A natural-born analogue woman, after some inspiring workshops, I recently decided to embrace the digital world. (I'm looking at you, HASTAC, DHSI, and UMN's DASH program.) And so, I decided to teach a hybrid (that is, partially digital) First-Year Writing Course here at The University of Minnesota. The results have been fantastic. Unscientifically speaking, students seem to engage more rigorously with 'in-class' assignments (those conducted digitally, I mean) than in my past classroom-only sections. But let me be clear: the students in every section of First-Year Writing I've taught have truly impressed me. Still, I am excited by the way integrating digital technologies into my classroom has enhanced student participation.
To start things off this semester, I used a simple online tool, Flipgrid.
It looks something like this:
Developed at the University of Minnesota, this tool allows students (or employees, commmittee members, etc.) to record a 90-second video of themselves in response to a question that the moderator poses in writing. Each session is locked, so participants needn't worry about their videos going viral. Sounds simple. And as I used it in my class, it was: I asked students to introduce themselves, using as many of those 90 seconds as possible. And as a result, the students spent exponentially more time talking about their interests, their backgrounds, and their expectations for the course than they did when asked to do the same exercise in person (with a few exceptions, of course). All the old wisdom about online teaching applies: since students were alone at home or in dorms, they felt more comfortable and they had time to think about their responses and jot down notes. This was an effective way to begin the process of speaking in the university: making comments in class discussion, making presentations, talking with professors and peers, and all the rest. I think this simple tool could prove effective in a number of situations.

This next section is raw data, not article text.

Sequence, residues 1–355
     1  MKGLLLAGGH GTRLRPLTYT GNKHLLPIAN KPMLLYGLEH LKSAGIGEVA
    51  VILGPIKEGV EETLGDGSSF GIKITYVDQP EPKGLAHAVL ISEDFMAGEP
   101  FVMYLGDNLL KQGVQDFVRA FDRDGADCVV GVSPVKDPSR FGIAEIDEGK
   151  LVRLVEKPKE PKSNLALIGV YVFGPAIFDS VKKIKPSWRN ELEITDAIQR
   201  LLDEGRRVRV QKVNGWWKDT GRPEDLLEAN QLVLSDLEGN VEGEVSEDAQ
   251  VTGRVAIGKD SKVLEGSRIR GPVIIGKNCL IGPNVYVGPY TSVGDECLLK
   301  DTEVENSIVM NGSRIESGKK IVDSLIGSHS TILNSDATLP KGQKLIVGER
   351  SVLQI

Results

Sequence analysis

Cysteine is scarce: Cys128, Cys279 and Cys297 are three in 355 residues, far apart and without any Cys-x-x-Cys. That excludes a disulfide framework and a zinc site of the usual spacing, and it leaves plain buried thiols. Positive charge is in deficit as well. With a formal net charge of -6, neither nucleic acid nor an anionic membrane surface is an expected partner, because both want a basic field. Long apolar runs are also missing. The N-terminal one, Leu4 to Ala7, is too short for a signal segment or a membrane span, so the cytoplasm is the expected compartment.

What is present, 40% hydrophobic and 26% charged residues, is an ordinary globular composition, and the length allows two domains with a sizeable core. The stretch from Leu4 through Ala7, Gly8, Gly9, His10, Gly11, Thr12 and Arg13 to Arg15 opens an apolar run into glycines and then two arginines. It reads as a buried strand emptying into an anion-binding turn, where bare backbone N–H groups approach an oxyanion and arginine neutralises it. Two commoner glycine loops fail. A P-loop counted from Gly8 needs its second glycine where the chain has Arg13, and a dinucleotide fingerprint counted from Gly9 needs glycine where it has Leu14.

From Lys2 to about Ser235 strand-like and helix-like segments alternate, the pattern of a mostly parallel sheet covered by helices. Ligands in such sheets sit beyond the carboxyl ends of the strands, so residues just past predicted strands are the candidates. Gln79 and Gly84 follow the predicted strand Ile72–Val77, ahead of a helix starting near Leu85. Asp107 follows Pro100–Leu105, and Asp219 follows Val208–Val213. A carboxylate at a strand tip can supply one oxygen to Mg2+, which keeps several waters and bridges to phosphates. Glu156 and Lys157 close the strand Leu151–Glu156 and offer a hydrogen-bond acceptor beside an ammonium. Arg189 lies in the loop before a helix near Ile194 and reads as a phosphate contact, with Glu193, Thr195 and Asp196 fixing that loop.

Until next time!